Tag Archive: Stoicism


The war on grief

Everything Matters: Beyond Meds

by Robert D. Stolorow

traumaThe DSM5, the most recent version of psychiatry’s diagnostic bible, makes it possible to classify grieving that endures beyond a rather brief span of time as a mental illness.

This pathologizing of grief has ancient roots extending back at least as far as the Stoics, whose stern ascetic morality preached a perfect indifference that eschewed all passionate attachments. The ideal of selfless asceticism was carried forth in early Christianity, showing up dramatically, for example, in the Confessions of the prominent 12th century monk, Saint Bernard, who was wracked with guilt over his grief for his beloved dead brother. His brother, after all, was enjoying eternal happiness in heaven, so Bernard could only feel his grieving his loss as a manifestation of a wicked selfishness on his own part.

The pathologizing of grief was continued by the philosopher Rene Descartes, usually considered to be the initiator of…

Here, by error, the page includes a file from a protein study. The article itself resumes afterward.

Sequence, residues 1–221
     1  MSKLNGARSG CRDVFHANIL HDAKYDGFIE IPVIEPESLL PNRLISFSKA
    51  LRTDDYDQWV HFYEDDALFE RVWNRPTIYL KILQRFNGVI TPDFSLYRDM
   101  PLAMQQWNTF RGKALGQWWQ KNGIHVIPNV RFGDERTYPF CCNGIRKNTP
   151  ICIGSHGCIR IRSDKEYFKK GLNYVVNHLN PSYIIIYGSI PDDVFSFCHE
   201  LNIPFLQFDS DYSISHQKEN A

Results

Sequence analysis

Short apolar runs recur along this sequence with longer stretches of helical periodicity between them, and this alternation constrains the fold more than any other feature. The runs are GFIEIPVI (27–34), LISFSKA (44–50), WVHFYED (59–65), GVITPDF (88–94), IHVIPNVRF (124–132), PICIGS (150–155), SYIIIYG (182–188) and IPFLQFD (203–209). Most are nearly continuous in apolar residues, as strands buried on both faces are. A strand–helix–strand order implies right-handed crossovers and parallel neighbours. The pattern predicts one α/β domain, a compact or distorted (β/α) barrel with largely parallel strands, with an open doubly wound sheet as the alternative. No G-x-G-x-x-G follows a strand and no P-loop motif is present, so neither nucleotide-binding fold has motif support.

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A Different World

Here we go again, whenever my words and emotions connect there is a bang from upstairs, and suddenly both my words and emotions are in ruins.

I was going to say something like, I’m just watching a news report on BBC World News, about a killing in Afghanistan, and looking at the uncomfortable stoicism of some of the people who seem to be presiding men, and young boys crying alone and no one comforting them.   Maybe no one was there, I don’t know.  But I was thinking I am so pleased for the therapy and ministry movement in the West and that our men aren’t expected to do the stiff upper lip and upright bearing thing anymore. 

Earlier there was a story, in Extreme Weddings, about a couple getting married, an arranged marriage, and the woman was shown on her wedding day, and she didn’t look to me just overwhelmed, she looked grief-stricken, but I might have misinterpreted it.  And the older women dancing like minarets, and everyone doing the strained happy thing that people do at weddings everywhere, because it is supposed to be a happy day.  I wonder if so many marital problems start right there, at the insistence, whether it is true or not, that everyone is happy on the wedding day.  The expectation that that is how it should be, whether it is successfully carried through or not.  But I looked at that report and wanted to come home to England.  Ever the wimp and melodramatist.

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